Immunohistochemistry and TMA analysis
Immunohistochemistry (IHC) was carried out on 4 μm sections of the TMA. Sections were transferred to an adhesive-coated slide system (Instrumedics, Hackensack, NJ, USA), deparaffinized, and processed with an automated Ventana Benchmark staining system (Ventana Medical Systems Tucson, Arizona, USA). Heat-mediated antigen retrieval was performed with cell conditioner 1 for at least 30 min. Individual sections were probed with the following antibodies: mouse monoclonal anti-P16ink4a (clone 16P04, dilution 1:600; LabVision/Neomarkers, USA), mouse monoclonal anti-P53 (clone DO-7, dilution 1:80; Dako, DNK), mouse monoclonal anti-PTEN (dilution 1:200; clone 28H6; Leica Biosystems/Novocastra, GER), mouse monoclonal anti-maspin (clone G167-70, dilution 1:200, BD Pharmingen, USA), mouse monoclonal anti-BMI1 (clone F6, dilution 1:50; Millipore/Upstate, USA) and mouse monoclonal anti-Ki67 (clone MIB-1, dilution 1:20; Dako, DNK). Visualization of the antibody binding was done by applying the iVIEW DAB Kit (Ventana Medical Systems Tucson, Arizona, USA). Slides were counterstained with hematoxylin. A pathologist (CP) and an instructed scientist (BR) independently analyzed the tissue cores in a blinded fashion, where special attention was given to the subcellular (nuclear or cytoplasmic) localization of the analyzed marker. A consensus grading was formed in case of differences between individual samples. At least two cores per patient sample were analyzed to compensate for tissue heterogeneity. Tissue cores were graded as “negative” (grade 0) if less than 10 % of the tumor cells were stained, as “positive” (grade 1) if between 10 and 50 % of the tumor cells were immunostained with intermediate or high intensity and as “strongly positive” (grade 2) if more than 50 % of the tumor cells were stained with high intensity. In addition, changes of biomarkers following chemotherapy were investigated by comparing the immunohistochemical grades of BXs and RXs of the same patient. These changes were classified as “increase”, “no change” or “decrease” of the respective biomarker.
Kaplan-Meier curves were used to calculate overall patient survival, which was defined as the time from diagnosis until death or until last follow-up. Log-rank tests were used to assess the statistical difference between groups. Multivariate Cox regression models were used to calculate hazard ratios (HRs) and 95 % confidence intervals (CIs). The clinicopathologic factors patient age, gender, location of primary tumor occurrence and histological subtype of osteosarcoma were included as covariates next to expression of individual biomarkers. Multivariate binary logistic regression models were used to estimate Odds ratios (ORs) as well as 95 % CIs. To determine associations between biomarker expression and other parameters (i.e., proliferation (Ki67 immunostaining); presence of metastasis) Fisher’s exact tests were applied. All statistical tests were 2-sided where P < 0.05 was regarded as statistically significant. PASW Statistics 18.0 (IBM Corp., USA) was used for statistical evaluation.
The design of this retrospective study was assessed and approved by the local ethics committee of the University Hospital Zurich (approval reference number StV 41–2005).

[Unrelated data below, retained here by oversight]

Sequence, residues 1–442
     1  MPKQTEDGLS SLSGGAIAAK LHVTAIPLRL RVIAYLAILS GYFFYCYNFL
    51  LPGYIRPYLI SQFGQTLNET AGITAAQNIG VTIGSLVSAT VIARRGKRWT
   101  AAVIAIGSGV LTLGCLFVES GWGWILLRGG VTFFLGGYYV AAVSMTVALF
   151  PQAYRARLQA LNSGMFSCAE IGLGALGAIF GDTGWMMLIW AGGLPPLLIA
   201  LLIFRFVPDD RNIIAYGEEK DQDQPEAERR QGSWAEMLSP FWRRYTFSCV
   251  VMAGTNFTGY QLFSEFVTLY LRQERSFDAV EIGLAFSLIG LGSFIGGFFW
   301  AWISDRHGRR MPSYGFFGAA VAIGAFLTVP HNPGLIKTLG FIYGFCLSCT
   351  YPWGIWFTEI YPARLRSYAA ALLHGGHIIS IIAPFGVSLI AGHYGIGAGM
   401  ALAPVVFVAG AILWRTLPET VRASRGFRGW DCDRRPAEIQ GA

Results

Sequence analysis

Patient cohort characteristics
As depicted in Table 1, the two patient cohorts used for analyses of BXs or RXs had similar clinicopathological characteristics. In both cohorts, the majority of the patients were male (BX: 60 %, RX: 64 %) and the overall mean age was 18.4 years and 18.0 years in the BX cohort and RX cohort, respectively. Most osteosarcomas were seen in patients aged 10–24 years (BX: 65 %, RX: 66 %). The distribution of histological subtypes such as the predominant osteoblastic type (BX: 71 %, RX: 70 %) or the main sites of primary tumor occurrence such as the tibia/ fibula/ calcaneus (BX: 40 %, RX: 32 %) or the femur (BX: 38, RX: 43 %) were similar in both patient cohorts. A total of 65 % (BX) and 68 % (RX) of patients were alive at the last follow-up resulting in similar five-year survival rates of 65 % (BX) and 68 % (RX). Chemotherapy response (≥90 % tumor necrosis) subsequent to neoadjuvant chemotherapy was found in 54 % (BX) and 49 % (RX) of the patients compared to 46 % (BX) and 51 % (RX) being non-responders (<90 % tumor necrosis). During follow-up, 44 % (BX) and 38 % (RX) of patients developed metastases.
Representative examples of positive as well as negative immunohistochemical stainings of BXs are given in Fig. 1. The subcellular localization differed between the analyzed markers: IHC of P53 (Fig. 1b), Maspin (Fig. 1d), Ki67 (Fig. 1e) and BMI1 (Fig. 1f) showed nuclear localization in >90 % of the positively stained BXs. In contrast, PTEN (Fig. 1c) was exclusively found in the cytoplasm. Subcellular localization of P53, Maspin, Ki67, BMI1 and PTEN in RXs was the same as in BXs. IHC of P16 (Fig. 1a) showed equal numbers of “cytoplasmic and nuclear” as well as “cytoplasmic only” (see Additional file 1) P16-positive BXs (52 % versus 48 % of the BX samples, respectively). In P16-positive RXs, “cytoplasmic only” expression of P16 was more frequent than “cytoplasmic and nuclear” localization of P16 (65 % versus 35 % of the RX samples, respectively). Furthermore, all P16-positive osteosarcoma samples had detectable P16 in the cytoplasm of cancer cells, whereas no sample was found with a “nuclear only” subcellular localization of P16.